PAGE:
$ARIA Can someone remind me of that short thesis again? Favus? Bueller? Anyone?— Colfax (@ColfaxCapital) September 6, 2013I described the Ariad Pharmaceuticals ( ARIA) short thesis in March and it hasn't changed significantly. Shorts continue to believe Iclusig's cardiac and other toxicities will prevent the chronic myeloid leukemia (CML) drug from generating the blockbuster sales already baked into the company's current $4 billion market valuation. Earlier this week, I connected with a couple of institutional investors shorting Ariad for an update. Iclusig total (TRx) script growth is flattening out while new (NRx) scripts are trending down, suggesting Ariad has saturated the T315I CML patient population (third line) and isn't attracting significant numbers of second-line CML patients to Iclusig therapy. Ariad is likely to deliver Iclusig sales this year that meet Street expectations, but next year's consensus sales forecast will come down.
@adamfeuerstein @ceels66 $srpt what's your prediction of SRPT price movement if drisa meets its primary end point with acceptable toxicity?— marketreader (@marketreader8) September 11, 2013I walked through multiple scenarios for how Sarepta Therapeutics' ( SRPT) stock price may react to the drisapersen data in this August Mailbag. Moving on.
@adamfeuerstein @Hitthebid01FDA meeting on painkillers today sounded positive for $ZGNX. You listen?— BWallace (@StarfishExplore) September 10, 2013On Tuesday, the FDA announced a safety labeling changes and post-market study requirements for companies that sell long-acting and extended release opioid painkillers. FDA Commissioner Margaret Hamburg said the new safety requirements were meant to "to combat the crisis of misuse, abuse, addiction, overdose, and death from these potent drugs that have harmed too many patients and devastated too many families and communities." The safety crackdown on long-acting opioids comes as FDA is still reviewing Zogenix's ( ZGNX) Zohydro, an extended-release formulation of hydrocodone that doesn't contain acetaminophen. It's important to note that Zohydro has no abuse deterrent technology. Given the FDA's strong actions to crack down on the abuse of long-acting opioids, it seems completely illogical for the agency to reverse course and approve Zohydro. I can't explain why it's taking FDA so long to issue an approval decision on Zohydro. Zogenix has been in limbo since March when FDA delayed a ruling. Most recently, the company said it expected to hear from the FDA by the end of the summer. Well, it's mid-September and still nothing. Last December, an FDA advisory panel voted against recommending Zohydro's approval, mainly for safety reasons. After the negative vote, Zogenix shares sank to around $1.50 as investors essentially wrote off any chance of Zohydro's approval. Zogenix shares were trading at $1.88 on Thursday, suggesting the market already prices in doubts about Zohydro's approval chances.
@adamfeuerstein @AndyBiotech with the end of the summer biotech bull market, what 5 stocks do you see with the most downside for end of '13— aa (@flsxphea1) September 10, 2013I'm not sure the end of the biotech bull market is near. The stamina exemplified in the chart is incredible: ^NBI data by YCharts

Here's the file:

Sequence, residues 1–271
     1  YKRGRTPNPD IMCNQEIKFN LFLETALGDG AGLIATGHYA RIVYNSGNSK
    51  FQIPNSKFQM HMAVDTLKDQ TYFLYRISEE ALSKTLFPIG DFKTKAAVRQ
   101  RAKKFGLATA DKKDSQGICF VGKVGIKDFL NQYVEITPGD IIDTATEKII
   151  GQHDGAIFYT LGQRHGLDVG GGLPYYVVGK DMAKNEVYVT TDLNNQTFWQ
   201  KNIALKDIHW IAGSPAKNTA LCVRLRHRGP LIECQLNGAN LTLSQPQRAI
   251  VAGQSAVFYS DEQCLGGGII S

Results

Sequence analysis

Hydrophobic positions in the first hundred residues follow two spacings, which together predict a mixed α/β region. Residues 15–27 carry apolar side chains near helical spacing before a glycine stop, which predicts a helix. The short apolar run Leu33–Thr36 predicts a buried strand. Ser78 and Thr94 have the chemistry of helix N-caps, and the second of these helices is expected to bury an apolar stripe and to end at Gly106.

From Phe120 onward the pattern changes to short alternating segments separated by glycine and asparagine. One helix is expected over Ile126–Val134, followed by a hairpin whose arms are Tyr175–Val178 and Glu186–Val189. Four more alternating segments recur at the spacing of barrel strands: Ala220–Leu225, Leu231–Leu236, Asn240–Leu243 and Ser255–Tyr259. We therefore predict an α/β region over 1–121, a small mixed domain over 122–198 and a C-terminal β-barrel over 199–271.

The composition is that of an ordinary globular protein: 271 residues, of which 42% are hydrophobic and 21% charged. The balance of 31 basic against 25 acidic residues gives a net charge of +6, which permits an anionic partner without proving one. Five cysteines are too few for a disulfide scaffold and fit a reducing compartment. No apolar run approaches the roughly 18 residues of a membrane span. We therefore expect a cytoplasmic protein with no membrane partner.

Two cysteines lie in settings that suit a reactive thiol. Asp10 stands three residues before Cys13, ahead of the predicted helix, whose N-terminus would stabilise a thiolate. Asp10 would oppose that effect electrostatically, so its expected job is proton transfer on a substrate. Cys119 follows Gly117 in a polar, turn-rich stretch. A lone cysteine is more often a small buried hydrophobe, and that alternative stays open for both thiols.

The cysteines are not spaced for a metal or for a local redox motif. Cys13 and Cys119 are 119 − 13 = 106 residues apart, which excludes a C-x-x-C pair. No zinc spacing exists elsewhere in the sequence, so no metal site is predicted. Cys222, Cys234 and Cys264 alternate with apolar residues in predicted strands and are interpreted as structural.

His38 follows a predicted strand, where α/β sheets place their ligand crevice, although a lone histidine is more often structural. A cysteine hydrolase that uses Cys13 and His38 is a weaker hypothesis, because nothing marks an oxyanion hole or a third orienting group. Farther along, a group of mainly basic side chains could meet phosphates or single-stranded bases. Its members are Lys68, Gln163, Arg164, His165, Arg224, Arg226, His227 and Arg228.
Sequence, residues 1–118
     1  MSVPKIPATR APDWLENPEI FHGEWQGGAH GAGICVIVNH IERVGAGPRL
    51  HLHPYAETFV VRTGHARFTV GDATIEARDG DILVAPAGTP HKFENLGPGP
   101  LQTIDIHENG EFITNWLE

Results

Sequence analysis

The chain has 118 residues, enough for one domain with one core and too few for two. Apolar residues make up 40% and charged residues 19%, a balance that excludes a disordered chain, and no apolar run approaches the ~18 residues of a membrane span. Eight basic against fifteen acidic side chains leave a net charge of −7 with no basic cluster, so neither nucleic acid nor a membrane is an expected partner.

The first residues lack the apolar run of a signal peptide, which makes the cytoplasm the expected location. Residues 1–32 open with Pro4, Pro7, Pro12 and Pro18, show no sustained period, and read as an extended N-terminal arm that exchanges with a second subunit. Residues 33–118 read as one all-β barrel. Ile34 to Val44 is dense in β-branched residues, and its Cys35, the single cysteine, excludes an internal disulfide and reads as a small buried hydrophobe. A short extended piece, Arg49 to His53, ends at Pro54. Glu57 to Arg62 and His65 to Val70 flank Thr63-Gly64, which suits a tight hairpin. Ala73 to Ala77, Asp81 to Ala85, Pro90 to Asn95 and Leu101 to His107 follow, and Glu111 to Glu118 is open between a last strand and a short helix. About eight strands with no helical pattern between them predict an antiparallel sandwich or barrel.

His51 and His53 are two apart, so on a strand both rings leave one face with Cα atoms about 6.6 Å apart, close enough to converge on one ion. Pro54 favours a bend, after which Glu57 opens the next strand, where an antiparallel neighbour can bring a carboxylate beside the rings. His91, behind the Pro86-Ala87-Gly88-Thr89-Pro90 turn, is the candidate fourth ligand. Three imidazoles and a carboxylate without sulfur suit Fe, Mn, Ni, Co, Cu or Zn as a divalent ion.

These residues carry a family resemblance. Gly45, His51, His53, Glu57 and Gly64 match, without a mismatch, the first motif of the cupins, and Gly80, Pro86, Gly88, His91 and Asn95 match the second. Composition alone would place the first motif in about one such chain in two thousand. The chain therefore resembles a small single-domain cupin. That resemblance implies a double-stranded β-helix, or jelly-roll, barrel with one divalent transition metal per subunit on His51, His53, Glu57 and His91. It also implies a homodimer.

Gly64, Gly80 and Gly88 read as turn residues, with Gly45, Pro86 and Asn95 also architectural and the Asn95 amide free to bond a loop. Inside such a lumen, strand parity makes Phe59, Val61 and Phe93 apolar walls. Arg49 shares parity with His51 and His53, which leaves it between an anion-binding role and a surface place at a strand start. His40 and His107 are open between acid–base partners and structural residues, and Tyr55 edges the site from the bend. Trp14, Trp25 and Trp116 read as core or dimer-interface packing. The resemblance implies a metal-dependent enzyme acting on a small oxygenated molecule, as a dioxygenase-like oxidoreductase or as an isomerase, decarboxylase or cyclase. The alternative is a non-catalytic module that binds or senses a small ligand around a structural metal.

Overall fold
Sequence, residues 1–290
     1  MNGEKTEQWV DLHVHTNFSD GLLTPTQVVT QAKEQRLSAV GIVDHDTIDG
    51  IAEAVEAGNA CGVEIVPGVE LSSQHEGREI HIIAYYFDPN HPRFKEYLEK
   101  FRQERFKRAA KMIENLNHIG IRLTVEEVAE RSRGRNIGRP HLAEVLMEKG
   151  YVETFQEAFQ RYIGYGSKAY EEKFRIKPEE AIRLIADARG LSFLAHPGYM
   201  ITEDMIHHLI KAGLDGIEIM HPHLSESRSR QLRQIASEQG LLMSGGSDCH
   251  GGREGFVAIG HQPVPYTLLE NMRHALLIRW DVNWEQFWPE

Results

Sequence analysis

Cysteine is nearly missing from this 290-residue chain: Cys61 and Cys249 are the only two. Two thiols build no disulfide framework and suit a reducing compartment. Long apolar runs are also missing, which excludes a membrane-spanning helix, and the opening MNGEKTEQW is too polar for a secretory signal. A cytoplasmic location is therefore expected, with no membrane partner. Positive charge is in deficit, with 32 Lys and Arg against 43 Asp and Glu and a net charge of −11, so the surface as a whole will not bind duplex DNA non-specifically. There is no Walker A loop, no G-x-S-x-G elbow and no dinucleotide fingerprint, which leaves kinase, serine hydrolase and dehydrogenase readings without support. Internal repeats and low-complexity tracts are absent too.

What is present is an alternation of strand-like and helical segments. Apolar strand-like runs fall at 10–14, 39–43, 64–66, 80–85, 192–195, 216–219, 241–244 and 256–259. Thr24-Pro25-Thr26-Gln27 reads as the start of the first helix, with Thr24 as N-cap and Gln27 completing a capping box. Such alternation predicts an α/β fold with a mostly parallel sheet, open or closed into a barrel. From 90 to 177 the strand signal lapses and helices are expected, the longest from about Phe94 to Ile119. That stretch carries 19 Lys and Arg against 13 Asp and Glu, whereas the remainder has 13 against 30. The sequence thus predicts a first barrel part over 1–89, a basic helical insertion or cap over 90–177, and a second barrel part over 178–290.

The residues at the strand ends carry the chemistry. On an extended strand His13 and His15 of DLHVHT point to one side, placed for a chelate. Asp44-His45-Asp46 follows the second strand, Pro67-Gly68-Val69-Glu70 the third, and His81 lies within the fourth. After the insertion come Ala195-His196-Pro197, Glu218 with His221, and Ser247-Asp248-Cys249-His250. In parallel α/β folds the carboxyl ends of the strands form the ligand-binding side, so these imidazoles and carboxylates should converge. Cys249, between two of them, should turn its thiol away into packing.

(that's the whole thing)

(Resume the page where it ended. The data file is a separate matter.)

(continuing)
Of course, not all biotech and drugs stocks increase in value forever. FDA rejections and failed clinical trials tend to have a depressing effect on share price. With that in mind, here are five stocks which I predict will end 2013 lower than where they trade today: 1. Vanda Pharmaceuticals ( VNDA): I expect the tasimelteon FDA panel on Nov. 14 to end badly for Vanda. 2. Coronado BioSciences ( CNDO): I don't believe in the "hygiene hypothesis" so I predict negative results from the CNDO-201 phase II study in Crohn's disease. The risk: Phase II study results can be fungible, meaning flaws are more easily swept under the rug. 3. Oncolytics Biotech ( ONCY): In my opinion, management has worked hard to delay and hide as much Reolysin data as possible because the experimental cancer-killing virus is incapable of killing cancer at all. The ugly truth about Reolysin can't be hidden forever, however, so I expect the upcoming data from a study in head-and-neck cancer patients will be a total bust. 4. Amarin ( AMRN): The stock is beaten up already so the short is less compelling, but I expect the Oct. 16 FDA panel to recommend against approving Vascepa for the so-called "Anchor" patient population. Instead, the panel will tell FDA to wait two years for definitive cardiovascular outcomes data from the ongoing REDUCE-IT study. 5. Vivus ( VVUS) and Arena Pharmaceuticals ( ARNA): Two stocks but they're related. Their respective obesity drug launches are flailing. Script growth is totally unimpressive and the stocks, while down sharply already, are still over-valued. Samuel R. asks: There have been confusing reports on NewLink Genetics (NLNK) and the interim analysis of the pancreatic cancer trial. Can you call the company to see what is really happening. Your help would be most appreciated. It's pretty simple. NewLink CEO Charles Link spoke at a couple of health care investment conferences this week and pushed back the timing on the interim analysis of the algenpantucel-L (a cancer vaccine) phase III pancreatic cancer study. The trigger for the interim analysis is 222 death events in the study. The company first expected the analysis to take place in the middle of the year, then it was pushed back to the second half of the year. When asked for an update at the investor conferences this week, Link said the company is now unsure if the 222nd death in the study will occur this year at all. NewLink spokeswoman Gina Nugent confirmed Link's new guidance for me: "Adam, What Dr. Link said during the Baird and Stifel conferences (webcast available) was that the trigger event for the first of three planned interval analysis, which will occur when 222 death events are recorded, has not yet occurred and that management is not sure that this first trigger event will occur before the end of 2013." What does this delay in the interim analysis mean? NewLink is encouraged, arguing pancreatic patients in the study's control arm are unlikely to be living longer than expected. Therefore, patients being treated with algenpantucel-L might be living longer. The study is blinded so there is no way to know definitively what's going on until the interim analysis is conducted. Skeptics (and yes, I'm in this group) believe the more likely explanation is NewLink messed up the survival assumptions used to design and power the study. All patients -- not just those treated with algenpantucel-L -- are living longer than NewLink expected. We've seen ample examples of phase III studies of cancer drugs in which delays in reporting survival endpoints ended badly -- GlaxoSmithKline (Mage-A3) Vical ( VICL) (Allovectin) and Oncoythreon ( ONTY) (Stimuvax), most recently. NewLink is no different. This delay in the interim analysis increases the risk that the phase III study ultimately fails, not the other way around. With that said, I also believe a lot of time is being wasted by fixating on the outcome of the algenpantucel interim analysis. Even under the most ideal circumstances, the odds that the cancer vaccine works so effectively to stop the study early for efficacy are very small. The most likely outcome is that NewLink continues to enroll patients and we wait for more definitive results next year. -- Reported by Adam Feuerstein in Boston. Follow Adam Feuerstein on Twitter.